Hey, Hollywooders! What’s Good in the ‘Wood?
I went on opening day (September 17) to see Cry Macho, one of the many new movie releases out now in theaters.
I took a look at theaters near me to compare movie showtimes and settled on going to the 1:15 p.m. showing at the Showcase Cinemas theater near me. I was one of very few people in the theater on this Friday afternoon, resulting in a very intimate movie viewing experience. The lobby was empty when I walked in, leaving no lines for concessions to purchase movie theater popcorn!
Watch the Cry Macho trailer here:
What is Cry Macho about?
Cry Macho is a neo-Western film that starts its story in Texas where a former rodeo star named Mike Milo (played by Hollywood vet Clint Eastwood, who also directed the movie) is recruited by his past boss (Dwight Yoakam) to go to Mexico and bring his son Rafo (Eduardo Minett) home to him.
When Mike crosses the border and reaches Rafo’s mother’s house, he learns that Rafo is often getting himself into trouble and is involved in cockfighting. Mike finds Rafo and his rooster, Macho, and explains to him why he’s there. After some hesitation, Rafo agrees to go with Mike and the 2 begin their journey back to Texas.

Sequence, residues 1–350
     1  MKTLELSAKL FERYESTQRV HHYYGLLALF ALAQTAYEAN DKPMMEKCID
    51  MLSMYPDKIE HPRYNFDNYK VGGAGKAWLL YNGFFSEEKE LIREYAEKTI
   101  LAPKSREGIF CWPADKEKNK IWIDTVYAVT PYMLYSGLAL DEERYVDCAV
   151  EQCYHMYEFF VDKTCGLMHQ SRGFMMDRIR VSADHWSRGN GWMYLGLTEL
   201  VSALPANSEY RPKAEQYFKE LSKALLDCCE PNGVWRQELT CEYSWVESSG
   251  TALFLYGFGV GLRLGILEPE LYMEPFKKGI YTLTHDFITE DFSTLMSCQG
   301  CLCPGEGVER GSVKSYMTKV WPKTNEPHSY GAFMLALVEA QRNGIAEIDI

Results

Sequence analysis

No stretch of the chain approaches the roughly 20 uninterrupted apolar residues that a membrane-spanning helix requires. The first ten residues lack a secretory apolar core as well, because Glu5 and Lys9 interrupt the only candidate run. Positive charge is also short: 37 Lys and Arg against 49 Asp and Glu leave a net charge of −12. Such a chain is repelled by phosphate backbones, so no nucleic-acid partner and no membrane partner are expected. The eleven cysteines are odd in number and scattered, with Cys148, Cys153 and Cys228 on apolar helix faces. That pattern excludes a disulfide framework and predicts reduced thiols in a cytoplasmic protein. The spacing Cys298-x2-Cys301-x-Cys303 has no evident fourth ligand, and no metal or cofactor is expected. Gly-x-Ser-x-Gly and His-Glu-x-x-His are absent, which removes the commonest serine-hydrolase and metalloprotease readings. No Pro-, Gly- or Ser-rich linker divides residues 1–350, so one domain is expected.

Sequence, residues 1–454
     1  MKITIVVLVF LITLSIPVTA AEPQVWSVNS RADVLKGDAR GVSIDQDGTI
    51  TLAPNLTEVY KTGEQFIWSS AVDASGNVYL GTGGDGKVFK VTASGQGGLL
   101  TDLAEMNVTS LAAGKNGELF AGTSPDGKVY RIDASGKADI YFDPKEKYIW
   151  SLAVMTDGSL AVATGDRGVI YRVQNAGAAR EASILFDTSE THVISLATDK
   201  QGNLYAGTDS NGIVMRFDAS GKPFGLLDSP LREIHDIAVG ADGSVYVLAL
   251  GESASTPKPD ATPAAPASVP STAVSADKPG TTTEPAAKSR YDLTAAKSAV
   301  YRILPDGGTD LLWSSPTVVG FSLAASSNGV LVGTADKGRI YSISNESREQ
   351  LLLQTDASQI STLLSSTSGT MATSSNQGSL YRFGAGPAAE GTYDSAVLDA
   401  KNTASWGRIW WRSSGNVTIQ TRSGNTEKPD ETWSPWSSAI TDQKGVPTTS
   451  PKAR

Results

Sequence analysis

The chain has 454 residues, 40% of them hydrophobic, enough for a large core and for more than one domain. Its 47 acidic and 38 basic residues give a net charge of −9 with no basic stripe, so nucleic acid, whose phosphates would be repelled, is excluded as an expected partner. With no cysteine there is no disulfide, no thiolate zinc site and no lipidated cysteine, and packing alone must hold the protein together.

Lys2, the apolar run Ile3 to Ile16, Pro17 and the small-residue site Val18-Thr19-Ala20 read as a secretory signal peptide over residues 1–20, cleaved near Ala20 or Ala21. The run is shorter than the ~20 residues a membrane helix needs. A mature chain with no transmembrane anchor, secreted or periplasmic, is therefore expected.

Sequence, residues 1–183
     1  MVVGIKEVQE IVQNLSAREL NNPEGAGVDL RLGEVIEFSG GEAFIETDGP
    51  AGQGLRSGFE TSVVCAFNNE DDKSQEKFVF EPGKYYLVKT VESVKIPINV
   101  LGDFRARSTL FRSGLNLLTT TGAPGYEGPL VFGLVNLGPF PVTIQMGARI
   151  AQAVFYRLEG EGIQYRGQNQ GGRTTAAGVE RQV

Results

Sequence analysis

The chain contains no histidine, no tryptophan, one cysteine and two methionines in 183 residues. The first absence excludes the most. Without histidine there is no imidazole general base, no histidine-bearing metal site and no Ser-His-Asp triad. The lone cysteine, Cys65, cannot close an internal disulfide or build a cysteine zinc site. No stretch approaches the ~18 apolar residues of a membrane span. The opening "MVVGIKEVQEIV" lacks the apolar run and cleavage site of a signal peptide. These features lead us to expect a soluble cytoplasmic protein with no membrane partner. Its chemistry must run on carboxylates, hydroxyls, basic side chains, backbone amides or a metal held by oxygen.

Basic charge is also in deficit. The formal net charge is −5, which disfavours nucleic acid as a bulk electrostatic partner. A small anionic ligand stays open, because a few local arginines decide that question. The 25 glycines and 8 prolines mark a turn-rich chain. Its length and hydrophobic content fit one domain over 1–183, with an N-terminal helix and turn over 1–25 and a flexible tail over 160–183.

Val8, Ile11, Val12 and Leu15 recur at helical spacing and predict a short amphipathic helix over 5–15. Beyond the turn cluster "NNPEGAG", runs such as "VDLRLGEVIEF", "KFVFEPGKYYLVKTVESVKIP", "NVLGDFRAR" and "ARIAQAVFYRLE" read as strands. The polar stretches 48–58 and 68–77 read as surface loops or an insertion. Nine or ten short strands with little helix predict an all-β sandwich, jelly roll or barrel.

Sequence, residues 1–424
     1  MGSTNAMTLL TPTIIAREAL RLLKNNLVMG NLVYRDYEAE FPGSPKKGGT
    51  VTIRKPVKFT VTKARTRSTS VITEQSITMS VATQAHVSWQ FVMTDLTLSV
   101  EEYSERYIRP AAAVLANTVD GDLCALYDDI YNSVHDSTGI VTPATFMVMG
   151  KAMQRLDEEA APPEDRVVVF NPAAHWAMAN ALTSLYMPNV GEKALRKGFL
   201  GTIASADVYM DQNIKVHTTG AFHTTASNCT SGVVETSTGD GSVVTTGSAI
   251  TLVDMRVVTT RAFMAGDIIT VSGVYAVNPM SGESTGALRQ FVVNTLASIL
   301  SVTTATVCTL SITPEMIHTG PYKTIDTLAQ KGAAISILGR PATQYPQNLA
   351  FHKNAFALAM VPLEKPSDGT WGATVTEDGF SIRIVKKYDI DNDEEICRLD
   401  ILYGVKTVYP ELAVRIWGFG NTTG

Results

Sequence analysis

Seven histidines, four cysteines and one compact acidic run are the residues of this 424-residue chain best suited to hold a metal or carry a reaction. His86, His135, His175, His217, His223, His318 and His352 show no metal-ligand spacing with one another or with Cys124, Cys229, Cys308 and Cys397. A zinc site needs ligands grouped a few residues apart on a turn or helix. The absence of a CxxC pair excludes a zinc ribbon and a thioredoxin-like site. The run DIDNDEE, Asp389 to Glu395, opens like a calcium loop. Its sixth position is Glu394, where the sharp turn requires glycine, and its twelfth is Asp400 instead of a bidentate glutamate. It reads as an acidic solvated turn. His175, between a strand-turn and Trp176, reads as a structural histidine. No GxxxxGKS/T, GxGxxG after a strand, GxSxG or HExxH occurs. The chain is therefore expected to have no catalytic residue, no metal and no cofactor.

After Rafo’s entrance in the film, a discussion begins about what it means to be ‘macho.’ In many Latin American cultures, the idea of ‘machismo’ is strong or aggressive masculine pride, and can be equated to toxic masculinity. Throughout the film, however, Mike shows Rafo that being macho can also mean being vulnerable while keeping your head up.
Mike and Rafo’s journey is filled with obstacles, but the 2 eventually find a town that they take a liking to. They get involved in the community and relationships with its members begin to blossom, as well as their relationship with each other. This makes for an emotional goodbye once they must leave the town to complete their journey.
I liked that the film didn’t follow the typical story structure of exposition, rising action, climax, then falling action, but instead had small conflicts throughout the film that the characters had to work through. Cry Macho is based on the 1975 novel of the same name by N. Richard Nash.
The characters find family without searching for it